We suspect our reaction may be out of step with the general consensus of press at our Berlin Film Festival screening of the “The Croods” today, if the guffaws and applause were anything to go by, but really that had us kind of baffled. The DreamWorks film, from writer/directors Chris Sanders (“How to Train Your Dragon,” “Lilo & Stitch“) and Kirk Di Micco (“Space Chimps“), features a starry voice cast in Nicolas Cage, Emma Stone, Ryan Reynolds, Catherine Keener, Cloris Leachman and Clark Duke, and an appropriately high concept: the Croods are a family of cavemen who have to evolve suddenly when faced with cataclysmic natural disasters and the arrival of a young Homo Sapiens with the ability to make fire.
But while the premise, with its roots in ancient human history, is quite promising, it doesn’t appear to have been fertile enough for Sanders and DiMicco who elect to set most of it in an entirely fantastical past, populated with wonderfully rendered but completely fabricated animals and plant life, and characterized by impossible physics. This uneasy marriage of fantasy and prehistory meant that to us the film too often took the easy way out in both its humor — slapstick, lots of boinging and boinking and hurtling across large spaces to crash into something and have another something land on top — and its storyline. It’s hard to invest in any stakes when we literally have no clue what deux ex machina exotic creature or seismic activity might be waiting around the next corner to change the odds all over again.
Perhaps we have come to have such a high bar set for animation in recent years that we were simply expecting something that could surprise and dazzle us visually as much as this does here (the 3D is well worth it, for once), while at the same time adhering to internally coherent logical rules. Which is not to say it needs to be realistic — in “Up” we were perfectly content with a world of talking dogs and flying houses, because of how subtly yet rigorously the parameters of that world were established and never broken. But in “The Croods” these rules are never set out, and with the goalposts constantly moving, we can’t really invest in the group’s quest at all.
The other casualty is the non-boing-bash-bang humor, which becomes somewhat rudderless because, lacking a recognizable framework to riff off, the central “Flinstones” anachronism — in which the caveman family dynamic is comically similar to that of a modern family — can’t really gain much traction: they might as well be aliens. And with only Eep and Grug having any sort of personality aside from the purely one-note (the savage baby, the dim son, the nagging mother in law, the supportive nonentity wife) and a character design that teeters perilously close to ugly at times, the film overall lacked the sort of lovability we might expect, to the point of charmlessness.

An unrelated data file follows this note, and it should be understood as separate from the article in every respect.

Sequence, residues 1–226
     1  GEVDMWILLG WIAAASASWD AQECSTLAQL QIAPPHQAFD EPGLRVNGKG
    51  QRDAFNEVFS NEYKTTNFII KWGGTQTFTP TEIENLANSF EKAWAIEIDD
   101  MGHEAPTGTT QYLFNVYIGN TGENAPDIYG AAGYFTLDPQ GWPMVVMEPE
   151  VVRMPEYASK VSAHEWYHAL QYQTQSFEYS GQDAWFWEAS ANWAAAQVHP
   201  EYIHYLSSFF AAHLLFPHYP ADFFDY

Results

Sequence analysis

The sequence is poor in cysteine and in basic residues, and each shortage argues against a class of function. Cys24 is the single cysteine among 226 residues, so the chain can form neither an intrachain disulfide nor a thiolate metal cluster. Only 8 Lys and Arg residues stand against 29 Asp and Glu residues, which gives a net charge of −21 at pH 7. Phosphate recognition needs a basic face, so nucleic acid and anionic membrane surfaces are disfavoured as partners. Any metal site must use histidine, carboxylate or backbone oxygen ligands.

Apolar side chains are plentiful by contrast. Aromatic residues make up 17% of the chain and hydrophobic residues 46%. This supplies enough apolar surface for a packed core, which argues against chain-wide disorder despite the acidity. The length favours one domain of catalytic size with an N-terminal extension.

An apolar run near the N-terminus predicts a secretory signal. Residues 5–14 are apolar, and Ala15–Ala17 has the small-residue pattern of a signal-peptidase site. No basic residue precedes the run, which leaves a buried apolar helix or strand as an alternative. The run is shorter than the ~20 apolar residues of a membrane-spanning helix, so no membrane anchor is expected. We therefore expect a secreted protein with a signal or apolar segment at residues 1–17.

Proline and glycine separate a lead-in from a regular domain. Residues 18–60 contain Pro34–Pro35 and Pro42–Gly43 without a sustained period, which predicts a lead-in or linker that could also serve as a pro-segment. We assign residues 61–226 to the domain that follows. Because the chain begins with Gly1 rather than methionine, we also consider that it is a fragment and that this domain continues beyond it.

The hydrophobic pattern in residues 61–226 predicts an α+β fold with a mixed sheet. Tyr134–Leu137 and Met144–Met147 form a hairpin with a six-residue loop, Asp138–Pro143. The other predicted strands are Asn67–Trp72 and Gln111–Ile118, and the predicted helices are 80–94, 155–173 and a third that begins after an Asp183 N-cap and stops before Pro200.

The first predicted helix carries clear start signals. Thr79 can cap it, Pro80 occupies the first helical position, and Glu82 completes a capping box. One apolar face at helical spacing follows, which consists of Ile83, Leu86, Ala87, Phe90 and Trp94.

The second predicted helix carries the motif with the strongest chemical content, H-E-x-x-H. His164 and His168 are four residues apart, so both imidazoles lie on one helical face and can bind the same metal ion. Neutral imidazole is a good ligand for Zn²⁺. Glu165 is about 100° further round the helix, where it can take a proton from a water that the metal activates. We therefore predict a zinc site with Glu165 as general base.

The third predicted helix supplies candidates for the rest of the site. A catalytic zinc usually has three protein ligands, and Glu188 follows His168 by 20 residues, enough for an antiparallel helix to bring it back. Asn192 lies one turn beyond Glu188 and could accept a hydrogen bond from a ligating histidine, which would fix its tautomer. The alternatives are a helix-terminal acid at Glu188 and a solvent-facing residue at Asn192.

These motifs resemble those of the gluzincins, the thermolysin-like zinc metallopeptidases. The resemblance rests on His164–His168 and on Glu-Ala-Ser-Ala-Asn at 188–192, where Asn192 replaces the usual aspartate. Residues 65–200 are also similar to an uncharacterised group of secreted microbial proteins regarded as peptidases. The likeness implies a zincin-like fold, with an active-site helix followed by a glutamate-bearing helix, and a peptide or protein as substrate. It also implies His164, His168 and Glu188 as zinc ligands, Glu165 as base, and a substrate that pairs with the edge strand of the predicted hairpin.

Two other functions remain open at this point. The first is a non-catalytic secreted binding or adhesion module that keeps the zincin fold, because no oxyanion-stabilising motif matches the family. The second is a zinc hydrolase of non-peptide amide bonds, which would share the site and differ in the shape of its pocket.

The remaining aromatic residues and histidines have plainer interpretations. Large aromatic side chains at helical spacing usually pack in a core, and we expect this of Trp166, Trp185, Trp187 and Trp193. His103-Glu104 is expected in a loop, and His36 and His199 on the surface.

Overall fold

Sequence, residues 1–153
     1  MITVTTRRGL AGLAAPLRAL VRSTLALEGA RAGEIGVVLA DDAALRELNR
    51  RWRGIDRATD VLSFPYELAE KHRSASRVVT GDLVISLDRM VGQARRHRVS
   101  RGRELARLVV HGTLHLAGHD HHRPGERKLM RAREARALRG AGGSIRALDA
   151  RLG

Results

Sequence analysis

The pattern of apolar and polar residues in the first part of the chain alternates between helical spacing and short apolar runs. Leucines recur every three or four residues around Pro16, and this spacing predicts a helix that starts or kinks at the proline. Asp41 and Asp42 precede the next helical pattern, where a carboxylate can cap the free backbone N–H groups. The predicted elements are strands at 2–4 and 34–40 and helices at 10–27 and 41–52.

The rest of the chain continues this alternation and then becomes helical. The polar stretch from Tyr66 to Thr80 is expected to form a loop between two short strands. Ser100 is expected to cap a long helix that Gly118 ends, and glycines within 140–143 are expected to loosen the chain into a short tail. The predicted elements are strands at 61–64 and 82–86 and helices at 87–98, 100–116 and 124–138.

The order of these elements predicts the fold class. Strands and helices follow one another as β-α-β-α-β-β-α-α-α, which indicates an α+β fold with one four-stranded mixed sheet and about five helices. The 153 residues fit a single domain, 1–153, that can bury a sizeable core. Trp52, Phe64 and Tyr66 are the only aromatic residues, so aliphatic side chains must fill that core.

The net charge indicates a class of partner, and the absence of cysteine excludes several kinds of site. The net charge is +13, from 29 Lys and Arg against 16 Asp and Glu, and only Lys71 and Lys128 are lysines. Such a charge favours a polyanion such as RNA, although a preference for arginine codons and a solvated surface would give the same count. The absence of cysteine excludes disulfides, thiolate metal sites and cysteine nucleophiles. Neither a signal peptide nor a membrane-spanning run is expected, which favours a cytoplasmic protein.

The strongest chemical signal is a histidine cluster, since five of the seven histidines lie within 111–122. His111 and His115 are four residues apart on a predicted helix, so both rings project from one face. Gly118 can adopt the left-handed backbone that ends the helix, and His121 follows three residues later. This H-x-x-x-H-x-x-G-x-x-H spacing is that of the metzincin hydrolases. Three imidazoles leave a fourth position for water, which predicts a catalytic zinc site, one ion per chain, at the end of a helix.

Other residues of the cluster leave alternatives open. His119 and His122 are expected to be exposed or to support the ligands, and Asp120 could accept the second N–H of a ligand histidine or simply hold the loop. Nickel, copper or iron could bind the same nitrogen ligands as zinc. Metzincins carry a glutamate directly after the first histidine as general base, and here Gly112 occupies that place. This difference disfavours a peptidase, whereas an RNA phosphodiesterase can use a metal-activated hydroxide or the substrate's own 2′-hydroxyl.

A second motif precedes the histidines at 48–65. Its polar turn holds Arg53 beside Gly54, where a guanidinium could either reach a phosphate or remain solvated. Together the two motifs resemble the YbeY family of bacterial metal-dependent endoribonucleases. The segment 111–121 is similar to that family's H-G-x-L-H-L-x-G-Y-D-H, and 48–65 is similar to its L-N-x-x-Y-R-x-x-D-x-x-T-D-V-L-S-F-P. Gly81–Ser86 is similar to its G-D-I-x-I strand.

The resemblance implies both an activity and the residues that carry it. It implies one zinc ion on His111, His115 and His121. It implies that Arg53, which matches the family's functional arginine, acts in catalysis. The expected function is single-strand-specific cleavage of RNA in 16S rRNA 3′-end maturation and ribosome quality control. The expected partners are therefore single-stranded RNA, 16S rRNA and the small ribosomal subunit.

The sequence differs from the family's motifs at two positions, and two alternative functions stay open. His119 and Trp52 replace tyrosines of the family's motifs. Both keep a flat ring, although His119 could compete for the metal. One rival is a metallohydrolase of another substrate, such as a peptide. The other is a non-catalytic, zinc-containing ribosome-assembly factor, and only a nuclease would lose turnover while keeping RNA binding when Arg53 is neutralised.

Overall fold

Eep (Stone) is a cavegirl/Neanderteen who, unlike the rest of her family, has an adventurous, questing spirit and a love of sunshine and light. This brings her into frequent conflict with her strong and protective but traditionalist father Grug (Cage), who believes the family should stay in the darkened cave as much as possible to avoid the various perils of outside life. Of course, this is that kind of animated world in which the concepts of “grounding” and “harpy mother-in-law” predate “shoes,” but fine, ok, whatever. The narrative problems really arise when, after an extended gonzo opening that is very fast and very noisy and features the family hurtling around trying to steal an egg for sustenance, Eep sneaks out one evening and follows a burning cinder back to its source: a fire lit by Modern Man, in the form of Guy (Reynolds).
While it’s never really explained where Guy came from or how he learned to make fire, or if there are any other of his kind around, he and Eep form a connection across (presumably) species, or at least evolutionary barriers, and he soon charms the rest of her family with his great ideas — shoes for walking on rough surfaces, an animal/pet called “Belt” who holds up his pants, and a neat line in creating coquettish puppets to distract potential predators. All except Grug, of course, who has to come to terms with his daughter’s crush and who feels increasingly marginalized by the adaptable and intelligent Guy, to the point of competing with him in a flat-out weird sequence in which Cage/Grug affects a bizarre accent and what looks like a rasta wig and invents sunglasses. But with an ill-defined series of earthquakes, explosions and landfalls having put paid to any possibility of life remaining the same, the family is forced to head with Guy towards some equally ill-defined safe place, which he calls “tomorrow,” through a landscape of exotic and dangerous wildlife that seems to stem from some kind of really, really late Cambrian explosion. Why they will be safe there from the apocalyptic sundering of mountains and erupting of ash clouds is unclear, but it does make for some spectacular visuals.
Perhaps younger children (or a very tired, end-of-festival crowd, if that’s not too catty) will be amused enough by the day-glo fluorescent colors, fantastical landscapes and zany antics to not mind the lack of the kind of story coherence and more sophisticated humor we’ve come to expect from big-budget studio animation. As for us, although we found ourselves momentarily taken in by the emotional manipulation of the climax (Daddy issues, I guess), more lasting was the feeling of how unearned that was. Because though it’s impressive in many technical and surface ways, “The Croods” lets us down on the essentials of character and story, and no amount of late-stage father/daughter bonding or vertiginous 3D cliffside tumbling can make up for that. [B-/C+]
“The Croods” opens March 22nd.